There are several medical causes of aggression in dogs and being aware of them is important. Just like people, dogs can get grumpy when they are feeling under the weather or when feeling pain. This may lower their threshold for aggression and cause them to lash out. Veterinarian Dr. Ivana covers the medical causes of aggression in dogs.
The Importance of Seeing the Vet
According to its official definition, aggression is a harmful behavior or threat directed towards another dog, animal, or person. Aggression usually involves snapping, growling, lunging, snarling, nipping, and biting.
Whenever a dog is exhibiting aggressive behaviors, the first thing that comes to mind is seeking professional help – consulting a certified dog trainer or behaviorist. However, aggression can be triggered by both behavioral and medical reasons.
Therefore, when a dog starts behaving aggressively, it is advisable to see the vet first. If the vet rules out the underlying medical issue's presence, the next step would be seeing a canine trainer or behaviorist.
The Medical Causes of Aggression in Dogs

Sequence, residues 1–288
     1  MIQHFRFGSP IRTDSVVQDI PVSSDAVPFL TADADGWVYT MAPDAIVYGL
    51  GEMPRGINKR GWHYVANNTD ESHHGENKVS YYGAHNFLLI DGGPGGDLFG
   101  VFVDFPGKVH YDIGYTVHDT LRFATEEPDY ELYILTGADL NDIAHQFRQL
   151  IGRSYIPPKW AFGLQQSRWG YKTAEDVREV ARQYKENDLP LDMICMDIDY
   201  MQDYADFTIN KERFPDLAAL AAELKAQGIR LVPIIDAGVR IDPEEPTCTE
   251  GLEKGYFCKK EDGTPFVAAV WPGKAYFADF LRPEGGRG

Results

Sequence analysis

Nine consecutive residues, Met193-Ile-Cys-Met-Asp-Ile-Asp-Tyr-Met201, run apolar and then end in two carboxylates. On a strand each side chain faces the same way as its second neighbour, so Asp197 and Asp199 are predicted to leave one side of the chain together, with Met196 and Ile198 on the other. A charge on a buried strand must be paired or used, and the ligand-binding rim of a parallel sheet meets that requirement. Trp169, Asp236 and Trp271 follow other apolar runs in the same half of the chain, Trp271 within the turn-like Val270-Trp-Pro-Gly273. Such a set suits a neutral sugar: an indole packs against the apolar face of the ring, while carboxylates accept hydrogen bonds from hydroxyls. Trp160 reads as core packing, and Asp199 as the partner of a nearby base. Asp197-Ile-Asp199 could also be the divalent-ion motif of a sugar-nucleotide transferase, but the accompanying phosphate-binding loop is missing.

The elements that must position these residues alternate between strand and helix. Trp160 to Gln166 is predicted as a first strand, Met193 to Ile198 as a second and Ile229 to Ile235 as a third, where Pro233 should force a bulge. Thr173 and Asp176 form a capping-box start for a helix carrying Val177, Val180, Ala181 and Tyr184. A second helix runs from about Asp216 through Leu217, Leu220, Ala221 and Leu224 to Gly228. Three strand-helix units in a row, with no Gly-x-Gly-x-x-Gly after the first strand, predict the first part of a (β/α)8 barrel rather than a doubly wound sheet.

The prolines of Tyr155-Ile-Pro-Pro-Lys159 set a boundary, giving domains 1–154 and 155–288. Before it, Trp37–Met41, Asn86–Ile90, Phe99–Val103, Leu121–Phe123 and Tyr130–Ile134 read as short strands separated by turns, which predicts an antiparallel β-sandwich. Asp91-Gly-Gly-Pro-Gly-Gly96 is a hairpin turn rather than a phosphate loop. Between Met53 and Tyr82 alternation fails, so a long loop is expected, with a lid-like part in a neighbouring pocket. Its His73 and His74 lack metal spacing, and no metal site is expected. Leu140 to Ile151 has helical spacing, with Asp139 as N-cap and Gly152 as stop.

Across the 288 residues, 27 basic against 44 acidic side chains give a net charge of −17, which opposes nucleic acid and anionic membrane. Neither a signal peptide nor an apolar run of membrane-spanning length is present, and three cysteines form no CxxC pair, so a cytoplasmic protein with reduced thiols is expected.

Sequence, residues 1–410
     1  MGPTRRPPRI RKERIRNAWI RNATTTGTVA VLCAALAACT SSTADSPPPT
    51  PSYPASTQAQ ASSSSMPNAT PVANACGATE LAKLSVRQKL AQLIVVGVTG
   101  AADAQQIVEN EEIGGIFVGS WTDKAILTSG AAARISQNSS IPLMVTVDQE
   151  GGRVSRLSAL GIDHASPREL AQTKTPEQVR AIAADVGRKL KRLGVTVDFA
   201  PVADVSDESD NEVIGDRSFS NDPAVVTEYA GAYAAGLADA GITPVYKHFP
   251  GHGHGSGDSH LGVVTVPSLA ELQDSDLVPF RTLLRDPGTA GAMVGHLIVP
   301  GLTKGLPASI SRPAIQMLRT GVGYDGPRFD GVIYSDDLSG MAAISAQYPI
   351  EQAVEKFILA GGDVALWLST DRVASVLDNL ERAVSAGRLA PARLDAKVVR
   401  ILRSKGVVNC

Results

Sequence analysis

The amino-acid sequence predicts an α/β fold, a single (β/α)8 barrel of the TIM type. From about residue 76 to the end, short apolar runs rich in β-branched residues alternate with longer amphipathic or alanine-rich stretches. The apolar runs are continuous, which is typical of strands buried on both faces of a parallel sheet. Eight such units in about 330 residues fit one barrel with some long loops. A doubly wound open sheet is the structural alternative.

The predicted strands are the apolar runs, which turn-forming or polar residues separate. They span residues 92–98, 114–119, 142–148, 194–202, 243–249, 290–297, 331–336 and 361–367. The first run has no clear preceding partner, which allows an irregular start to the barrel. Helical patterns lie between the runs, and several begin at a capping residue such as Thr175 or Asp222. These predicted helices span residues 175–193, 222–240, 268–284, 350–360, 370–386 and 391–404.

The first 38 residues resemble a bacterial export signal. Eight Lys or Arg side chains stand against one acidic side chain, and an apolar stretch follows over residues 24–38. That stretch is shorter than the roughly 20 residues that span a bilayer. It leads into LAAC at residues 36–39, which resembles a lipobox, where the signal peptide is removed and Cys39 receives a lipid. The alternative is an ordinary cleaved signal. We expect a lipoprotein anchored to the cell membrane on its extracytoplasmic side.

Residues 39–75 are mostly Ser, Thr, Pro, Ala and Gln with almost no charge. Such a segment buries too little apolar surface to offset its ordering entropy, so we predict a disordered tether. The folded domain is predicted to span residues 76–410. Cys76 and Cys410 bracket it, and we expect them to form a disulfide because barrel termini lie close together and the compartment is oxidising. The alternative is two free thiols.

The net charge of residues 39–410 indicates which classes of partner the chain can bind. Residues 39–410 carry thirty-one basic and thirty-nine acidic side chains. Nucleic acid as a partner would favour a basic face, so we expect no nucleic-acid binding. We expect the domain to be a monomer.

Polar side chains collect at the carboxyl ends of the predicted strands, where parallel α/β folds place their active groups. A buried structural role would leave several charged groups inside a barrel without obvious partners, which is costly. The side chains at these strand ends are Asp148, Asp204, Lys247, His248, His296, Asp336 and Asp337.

There are many medical causes of aggression in dogs, from teeth problems and joint pain to endocrine issues and neurological abnormalities. Some medical causes are genetic, and others are acquired.
In dogs with aggression caused by genetic conditions, the chances of curing the aggression are minimal. Instead of healing, you should put the focus on managing the unwanted behavior when it presents. On the other hand, your vet can successfully treat most of the acquired aggression-causing conditions.
Chronic or Intense pain
When a dog is feeling pain, it reacts defensively. More often than not, the defensive behavior can escalate into aggressiveness. In fact, based on reports, the most common cause of sudden aggression outbreak is pain.
So, basically, every medical condition that causes pain can trigger aggressive episodes or, at least, a grumpy attitude.
That includes hip dysplasia, arthritis, ear infections, gum disease due to tartar buildup, or something as simple as an ingrown nail or an impacted anal gland.
Imbalanced Brain Chemistry
In humans, imbalances in the brain chemistry cause obsessive-compulsive disorders and clinical depression. In dogs, they can cause aggression.
In the brain, serotonin is responsible for neurochemical aggression control. Consequently, if the serotonin levels are out of balance, aggression is likely to occur.
Low Thyroid Levels